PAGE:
In the medium term, among others because of the always increasing price pressure, only the e-commerce companies with substantial sales will survive. Cross-border sale is therefore not an option, but a dire necessity to enlarge the market.
The opportunity of cross-border e-commerce is not being fully exploited. According to a publication of Eurostat late December 2017, only 7% of the companies with a web shop also sold cross-border in 2016. If your web shop is established in the United Kingdom, in Germany or in France (the three largest e-commerce economies of the EU), it is less necessary to also use cross-border internet sale. Nevertheless, you market will be more attractive for the foreign parties who are prepared to launch cross-border e-commerce.
TWINKLE, TWINKLE, LITTLE STAR
Each year, the e-commerce magazine Twinkle publishes a list with the largest web shops for each country. Since your connection to the Internet doesn’t stop at the borders, a lot of those web shops is coming from abroad. Players like Amazon and Zalando are slowly moving to the top, at the expense of many smaller local players.
Specifically in Belgium, that top has already been claimed by foreign players. Five CEOs of large Belgian companies, including Wouter Torfs of Schoenen Torfs, therefore published late 2017 a letter, in which they incite the Belgian consumers to choose for Belgian retailers. If you, as a Belgian, for example buy through the American Amazon, money leaves the economy.
Unfortunately, Mister Torfs forgot to mention that the buying agents of Schoenen Torfs themselves travel to foreign countries to purchase shoes there. Globalization is nothing new, and we shouldn’t try to stop it with a letter. You should participate in globalization, to be able to play a role of importance tomorrow.
THE DIGITAL SINGLE MARKET
With 28 countries, 24 official languages and 10 currency units, the EU shines in mutual differences.
Ecommerce Europe estimates that the e-commerce industry in the EU will be worth over 600 billion euros late 2017. With a growth of 14 – 15 percent, the EU shows a bigger growth than the United States. In the 28 countries of the EU, there are for example in East and Central Europe some large economies left (such as Rumania, Ukraine and Poland), who are catching up.
The European Commission is working on a sturdy action plan, to boost the digital single market. The Commission aims for a better access for consumers and companies to goods and services across Europe, among others by e-commerce. Studies have shown that both the European SME and the consumer think cross-border internet sales are rather inconvenient. Obstacles are for example the unclear delivery times, a more complex return procedure and lack of clarity about the consumer rights.
Therefore, the European Commission investigates (for example) how the market can be stimulated more, by means of logistic changes. Furthermore, the new uniform European data protection regulation is a very practical step in the direction of a single market and last year, the European Commission also launched an online platform for alternative dispute resolution in Europe.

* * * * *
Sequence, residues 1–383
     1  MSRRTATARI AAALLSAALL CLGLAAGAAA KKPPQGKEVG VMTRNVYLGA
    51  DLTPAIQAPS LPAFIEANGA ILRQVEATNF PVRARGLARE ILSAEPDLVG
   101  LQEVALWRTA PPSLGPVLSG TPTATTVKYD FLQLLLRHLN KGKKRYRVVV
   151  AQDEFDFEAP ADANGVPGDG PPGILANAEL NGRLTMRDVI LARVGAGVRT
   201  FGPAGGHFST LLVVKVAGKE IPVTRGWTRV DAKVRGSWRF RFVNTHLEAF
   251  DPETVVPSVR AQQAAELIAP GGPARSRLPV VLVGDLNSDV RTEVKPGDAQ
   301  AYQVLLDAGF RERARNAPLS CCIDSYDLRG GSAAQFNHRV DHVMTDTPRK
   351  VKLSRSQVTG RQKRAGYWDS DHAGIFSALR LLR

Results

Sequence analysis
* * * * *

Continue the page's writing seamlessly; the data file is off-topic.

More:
With a turnover of over 150 billion euros, Great-Britain is the largest e-commerce market of Europe. However, in 2019, the Brits will leave the European Union. Although the Brexit negotiations are in progress right now, the effect of the Brexit on e-commerce remains a guess, for now.
Despite the fact that we almost know nothing about the Brexit, you should – especially when the British market is important for your sales numbers – work on an explicit action plan around the British market, in 2018. In general terms, two opposing scenarios are mentioned, namely a soft Brexit (meaning that Great-Britain will join the EVA and remain a part of the European single market) and a hard Brexit (meaning that Great-Britain and the EU will negotiate about a new trade agreement, including possible supplements for cross-border sales).
Since the Brexit referendum was announced for the first time, the pound has been strongly devaluated in comparison with the dollar or the euro. If you sell from a euroland to clients in Great-Britain, your products have become more expensive. The other way around, this means an opportunity for the British web shops: their products have become cheaper when a straightforward pound-euro conversion is used. These web shops can ask the euro-clients to actually pay in euros, which makes the difference obvious.
The uncertainty associated with the Brexit has made Great-Britain into a loser in the short term. A number of large (American) companies already moved their European headquarters from London to the continent. If you are not selling in Great-Britain now, it’d be better for you, in most situations, to aim for other markets first, until there’s more clarity.
In 2017, we investigated, along with some other e-commerce experts, how the Dutch web shops should undertake their crossing to America. The results of the Shopping Tomorrow (an initiative of Thuiswinkel.org) research will be published in January on the Webwinkel Vakdagen. In addition, two companies received specific help during their first steps to the US.